United States chickadees and climate change

This video from the USA is called Carolina Chickadee Sound.

From All About Birds blog in the USA:

Warming Temperatures Are Pushing Two Chickadee Species—and Their Hybrids—Northward

By victoria on Thursday, March 6th, 2014

The zone of overlap between two popular, closely related backyard birds is moving northward at a rate that matches warming winter temperatures, according to a study by researchers from the Cornell Lab of Ornithology, Villanova University, and Cornell University. The research was published in Current Biology on Thursday, March 6, 2014.

In a narrow strip that runs across the eastern U.S., Carolina Chickadees from the south meet and interbreed with Black-capped Chickadees from the north. The new study finds that this hybrid zone has moved northward at a rate of 0.7 mile per year over the last decade. That’s fast enough that the researchers had to add an extra study site partway through their project in order to keep up.

“A lot of the time climate change doesn’t really seem tangible,” said lead author Scott Taylor, a postdoctoral researcher at the Cornell Lab of Ornithology. “But here are these common little backyard birds we all grew up with, and we’re seeing them moving northward on relatively short time scales.”

This video from the USA is about black-capped chickadees.

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18 thoughts on “United States chickadees and climate change

  1. NYC Thursday May 29 7PM A Revolution Against Climate Change‏�

    Mon May 26, 2014 11:17 pm (PDT) . Posted by:

    “Williams Camacaro” bosanovanuevoyazul

    On Nov. 4th. to 7th. 2014 Venezuela will held the first world public forum on Climate Change. This forum which is organized by Venezuela is part of a process of negotiations from the United Nations and constitutes a space where the people of the world can contribute in the construction of a new climate agreement which will be decided on in 2015. Social PreCOP of Climate Change will create a precedence in the manner in which participation takes place from social actors in multilateral forums.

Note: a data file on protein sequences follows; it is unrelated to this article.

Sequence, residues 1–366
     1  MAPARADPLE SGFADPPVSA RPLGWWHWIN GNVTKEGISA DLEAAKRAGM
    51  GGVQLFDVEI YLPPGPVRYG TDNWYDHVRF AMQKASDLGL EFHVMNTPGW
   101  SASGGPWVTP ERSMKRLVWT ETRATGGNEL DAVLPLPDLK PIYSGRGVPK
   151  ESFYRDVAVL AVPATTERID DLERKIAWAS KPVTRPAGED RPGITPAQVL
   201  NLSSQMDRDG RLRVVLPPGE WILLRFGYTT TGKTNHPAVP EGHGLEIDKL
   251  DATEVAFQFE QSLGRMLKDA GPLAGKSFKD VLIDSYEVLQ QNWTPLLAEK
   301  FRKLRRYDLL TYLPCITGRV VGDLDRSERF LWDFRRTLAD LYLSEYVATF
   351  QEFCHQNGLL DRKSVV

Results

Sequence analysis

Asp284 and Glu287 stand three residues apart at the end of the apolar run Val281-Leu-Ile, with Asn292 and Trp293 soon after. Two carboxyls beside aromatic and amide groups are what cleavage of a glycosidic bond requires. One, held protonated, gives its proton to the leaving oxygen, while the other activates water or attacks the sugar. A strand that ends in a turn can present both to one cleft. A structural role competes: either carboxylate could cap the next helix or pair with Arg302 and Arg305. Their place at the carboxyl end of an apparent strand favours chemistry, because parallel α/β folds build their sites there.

Brian Tokar has been an activist, author and a well-known critical voice for ecological activism since the 1980s. He is currently the director of the Institute for Social Ecology and Lecturer II in Environmental Studies at UVM. Brian’s books include The Green Alternative (1987, revised 1992), Earth for Sale (1997), and Toward Climate Justice: Perspectives on the Climate Crisis and Social Change, published in 2010. He edited two books on the politics of biotechnology, Redesigning Life? and Gene Traders, and co-edited a recent collection, Agriculture and Food in Crisis: Conflict, Resistance and Renewal (with UVM Professor Emeritus, Fred Magdoff). He is a senior advisor and board member of 350-Vermont, and his articles on environmental issues and popular movements appear in Z Magazine and Green Social Thought, and on popular websites such as Counterpunch, ZNet, Alternet, and Toward Freedom.

    Claudia Salerno Caldera is the Venezuelan Vice-Minister for Foreign Affairs for North America. She is also the Special Presidential Envoy for Climate Change for the Bolivarian Republic of Venezuela. She is a long time environmentalist and holds a Ph.D. in international environmental law.

    John Jay College 524 West 59 Street (Between 10 & 11 Avenue) Room L63 May Thursday 29 @ 7PM phone number: 212-237-8000

    This lecture hall is located in the new Building Lobby level

    This event is open to the general public / No charge.

    Sponsor by Latin American & Latina/o Studie at John Jay College, Alberto Lovera Bolivarian Circle NY.

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    https://www.youtube.com/watch?v=eA3DlZ6ebZU https://www.youtube.com/watch?v=N8pbYr8H-PU





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